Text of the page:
In order to be able to take serious part in finding the solutions for challenges and issues that the family is facing in our societies, we think that it is indispensable to previously study and analyze the situation and the causes of the problem that we intend to solve. Two years ago “Nahla” established a special Research department that deals with research, situation analysis in the society and preparation of studies and recommendations for constructive solutions. For example currently we are implementing the project entitled “Asserting the Role of the Fathers in Preventing Domestic Violence” through which we will collect the relevant data on the current role of fathers in raising children and current patters of behaviors that fathers offer to their children, especially boys, in order to offer positive behavior patterns and influence the change of attitude of fathers about their responsibility in the process of child personality creation. Also, after 10 years of work in the field of religious education we noticed that currently available Islamic books and references, especially those concerning women and family, are very limited and that some important issues related to woman are treated in an inadequate way. We also noticed that comprehensive critical analysis of the reference literature in light of contemporary dilemmas and needs in our society is absolutely necessary as well as the engagement in translation of the titles that could contribute to a better perception of certain issues and prevent the occurrence of misinterpretations.
3. Public and media campaigns
Media campaigns represent an excellent asset for promotion of our values and worldviews, especially in terms of presentation of universal values that Islam is promoting. We think the Muslim societies are insufficiently or not at all using these possibilities and that in turn other worldviews are gaining more space and are becoming absolutely dominant and the only acceptable ones. During the last five years “Nahla” has been implementing a media campaign about the Prophet Muhammed p.b.u.h. and has been using all these mentioned tools and media at the whole territory of BiH. The results are very visible and these commercials have been getting excellent grades and people are starting to understand that the promotion of such values is possible and effective through contemporary communication means and channels.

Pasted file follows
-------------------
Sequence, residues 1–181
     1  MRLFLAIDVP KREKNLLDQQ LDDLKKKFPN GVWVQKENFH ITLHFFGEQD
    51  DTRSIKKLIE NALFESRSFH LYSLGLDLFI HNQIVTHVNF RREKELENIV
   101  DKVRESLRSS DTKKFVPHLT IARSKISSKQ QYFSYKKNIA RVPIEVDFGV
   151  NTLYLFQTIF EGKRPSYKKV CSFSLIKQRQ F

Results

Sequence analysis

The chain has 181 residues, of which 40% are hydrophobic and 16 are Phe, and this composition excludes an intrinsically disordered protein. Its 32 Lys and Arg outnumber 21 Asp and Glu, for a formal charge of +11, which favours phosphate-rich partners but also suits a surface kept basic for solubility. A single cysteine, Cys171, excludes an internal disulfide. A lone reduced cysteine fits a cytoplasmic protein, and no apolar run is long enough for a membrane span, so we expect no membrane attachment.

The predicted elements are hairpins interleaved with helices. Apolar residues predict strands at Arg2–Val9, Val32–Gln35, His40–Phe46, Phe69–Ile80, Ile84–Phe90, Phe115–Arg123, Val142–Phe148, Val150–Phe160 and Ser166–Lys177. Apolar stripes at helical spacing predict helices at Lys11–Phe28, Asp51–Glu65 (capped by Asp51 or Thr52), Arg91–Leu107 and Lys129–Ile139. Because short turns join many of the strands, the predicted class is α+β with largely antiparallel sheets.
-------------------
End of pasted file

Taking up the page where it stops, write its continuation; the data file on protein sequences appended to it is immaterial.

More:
3. Concluding remarks and recommendations
Some concrete recommendations for the improvement of the Muslim family in the Balkans, and Bosnia and Herzegovina as well would be:
– when working for the benefit of the family, we should focus our attention first on development and empowerment of individuals so that these individuals would then create a strong and healthy family composed out of such individuals
– more intensive intersectoral cooperation of all stake holders in the society: the Islamic community, nongovernmental organisations and the government
– intensive inclusion of the Islamic communities, muftis and imams in concrete problems of Muslims in the field (workshops, leaflets, work mediation, marriage counselling…)
– intensive inclusion and work of the Muslim faith based organisations on the issues relating to family cohesion
– elaboration of research papers and studies dealing in a contemporary and practical manner with the interpretation of the Islamic understanding of family, and gender relations specifically tackling relationship between men and women in a contemporary society in terms of their contribution to the community
– development of projects that will improve the qualifications and education for women and men giving them the tools to start up a business or find a suitable job
– development of projects that would directly tackle the issues of domestic violence, juvenile delinquency, unemployment in the Muslim community
– raising awareness within the Muslim community about importance of marriage and parenting counselling
– raising awareness, especially with children, on the issue of multiple identities and development of their interreligious competencies
– raising awareness about the place of religion in a secular society and rights to express and practice religion
– lobbying for the true implementation of the present legal framework (Gender equality law, Family law, Labour law…) and amendments where necessary
– media and public presence through all available contemporary means of communication
With a cooperation of all stakeholders in the society and implementation of research that will further analyse the position of the Muslim family it is possible to develop projects and activities that will be of assistance to Muslims and help them maintain the cohesion of the family in today’s world.